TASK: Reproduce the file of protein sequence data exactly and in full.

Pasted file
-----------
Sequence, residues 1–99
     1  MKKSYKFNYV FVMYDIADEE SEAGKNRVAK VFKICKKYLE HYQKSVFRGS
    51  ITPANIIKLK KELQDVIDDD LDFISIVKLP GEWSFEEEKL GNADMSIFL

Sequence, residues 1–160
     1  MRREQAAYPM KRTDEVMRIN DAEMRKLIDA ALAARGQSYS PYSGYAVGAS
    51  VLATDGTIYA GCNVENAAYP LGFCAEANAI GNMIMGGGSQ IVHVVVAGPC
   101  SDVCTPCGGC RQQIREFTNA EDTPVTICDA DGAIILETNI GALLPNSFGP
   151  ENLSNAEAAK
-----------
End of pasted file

Sequence, residues 1–99
     1  MKKSYKFNYV FVMYDIADEE SEAGKNRVAK VFKICKKYLE HYQKSVFRGS
    51  ITPANIIKLK KELQDVIDDD LDFISIVKLP GEWSFEEEKL GNADMSIFL

Sequence, residues 1–160
     1  MRREQAAYPM KRTDEVMRIN DAEMRKLIDA ALAARGQSYS PYSGYAVGAS
    51  VLATDGTIYA GCNVENAAYP LGFCAEANAI GNMIMGGGSQ IVHVVVAGPC
   101  SDVCTPCGGC RQQIREFTNA EDTPVTICDA DGAIILETNI GALLPNSFGP
   151  ENLSNAEAAK